Most of the resources that the researchers provide to the Scientia writers are highly specialised and aimed at their scientific peers, such as peer-reviewed journal articles, conference presentation slides, or posters. A large portion of the writer’s job is to filter out the most important bits of information and then ‘translate’ it into clear, accessible language. In addition, the article needs to form a cohesive story to engage the reader. It is true what the proverbial ‘they’ say about practice; I have indeed discovered that the more articles I write the easier it has become to talk about my own research without getting tongue-tied.
With practice, I have (mostly) become much faster at writing too. Though unfortunately, I am still not immune to the occasional bout of writer’s block. Even with all the resources, snacks, and Music for Concentration playlists in the world, some days the words just refuse to flow. What I have discovered is that my previous tactic of ‘stare at the blank screen until something happens’ is wildly inefficient at solving the problem. Out of necessity I’ve had to develop better coping mechanisms, and my hope is that this will be extra beneficial when I start thesis-writing in earnest. Fortunately, publications like Scientia that hire writers are understanding of busy schedules. They give their writers a decent amount of time to complete articles, so that they can plan their own schedules accordingly.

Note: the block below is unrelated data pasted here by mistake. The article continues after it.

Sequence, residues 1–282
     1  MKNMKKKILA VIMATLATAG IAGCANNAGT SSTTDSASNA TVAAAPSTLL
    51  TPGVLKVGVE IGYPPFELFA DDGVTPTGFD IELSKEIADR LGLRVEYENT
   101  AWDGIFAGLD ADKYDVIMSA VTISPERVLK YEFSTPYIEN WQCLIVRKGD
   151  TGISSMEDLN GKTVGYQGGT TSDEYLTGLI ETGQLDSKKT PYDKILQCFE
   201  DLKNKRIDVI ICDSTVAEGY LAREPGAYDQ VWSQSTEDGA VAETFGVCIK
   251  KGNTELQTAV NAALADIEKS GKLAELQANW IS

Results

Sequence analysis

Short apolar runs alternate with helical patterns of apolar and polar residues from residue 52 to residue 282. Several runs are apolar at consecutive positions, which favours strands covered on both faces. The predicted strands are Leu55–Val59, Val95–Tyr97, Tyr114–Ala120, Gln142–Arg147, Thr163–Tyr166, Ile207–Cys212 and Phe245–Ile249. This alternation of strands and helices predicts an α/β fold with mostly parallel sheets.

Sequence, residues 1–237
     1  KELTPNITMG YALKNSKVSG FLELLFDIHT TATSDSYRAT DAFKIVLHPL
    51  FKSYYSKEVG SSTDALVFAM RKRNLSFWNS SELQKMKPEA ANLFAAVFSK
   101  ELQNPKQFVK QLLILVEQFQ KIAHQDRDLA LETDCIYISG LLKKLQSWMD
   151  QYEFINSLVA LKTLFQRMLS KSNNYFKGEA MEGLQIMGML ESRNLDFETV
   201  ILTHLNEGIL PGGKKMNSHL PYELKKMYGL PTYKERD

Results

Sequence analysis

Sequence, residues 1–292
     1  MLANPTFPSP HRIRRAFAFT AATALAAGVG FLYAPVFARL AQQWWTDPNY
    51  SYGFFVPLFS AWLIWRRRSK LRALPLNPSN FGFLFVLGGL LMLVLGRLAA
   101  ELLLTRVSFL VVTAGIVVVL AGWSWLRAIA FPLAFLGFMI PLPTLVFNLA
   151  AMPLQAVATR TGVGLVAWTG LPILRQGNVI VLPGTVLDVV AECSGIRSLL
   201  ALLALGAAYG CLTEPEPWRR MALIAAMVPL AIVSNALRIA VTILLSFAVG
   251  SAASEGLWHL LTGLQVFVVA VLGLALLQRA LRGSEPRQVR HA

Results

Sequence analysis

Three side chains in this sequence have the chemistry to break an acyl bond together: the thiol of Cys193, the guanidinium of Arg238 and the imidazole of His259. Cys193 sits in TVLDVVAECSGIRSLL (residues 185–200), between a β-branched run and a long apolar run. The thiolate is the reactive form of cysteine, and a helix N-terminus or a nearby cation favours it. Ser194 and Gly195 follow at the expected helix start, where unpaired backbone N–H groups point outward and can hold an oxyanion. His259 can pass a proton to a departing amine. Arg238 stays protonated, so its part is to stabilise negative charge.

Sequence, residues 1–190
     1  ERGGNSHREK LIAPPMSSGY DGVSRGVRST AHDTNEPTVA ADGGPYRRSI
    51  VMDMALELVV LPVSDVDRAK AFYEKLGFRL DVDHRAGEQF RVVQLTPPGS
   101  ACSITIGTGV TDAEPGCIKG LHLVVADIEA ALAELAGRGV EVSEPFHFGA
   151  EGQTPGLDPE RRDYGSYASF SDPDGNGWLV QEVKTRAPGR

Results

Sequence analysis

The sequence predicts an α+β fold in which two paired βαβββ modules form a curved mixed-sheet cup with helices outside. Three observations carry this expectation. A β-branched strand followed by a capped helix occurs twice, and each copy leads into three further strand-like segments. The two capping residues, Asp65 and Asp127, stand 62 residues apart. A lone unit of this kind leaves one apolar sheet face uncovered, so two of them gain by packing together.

As someone who is on the cusp of making some important career decisions, having the opportunity to write for a science outreach publication has helped highlight the range of roles available to scientists leaving academia. Each article published takes a team of individuals, from editors, writers and graphic designers, to media experts, content coordinators and publication managers. As new science publications and new communication formats arise, so do the number and range of career opportunities available.
Who knows, perhaps your dream job in science has yet to be created.
A selection of articles written by Kelleigh for Scientia: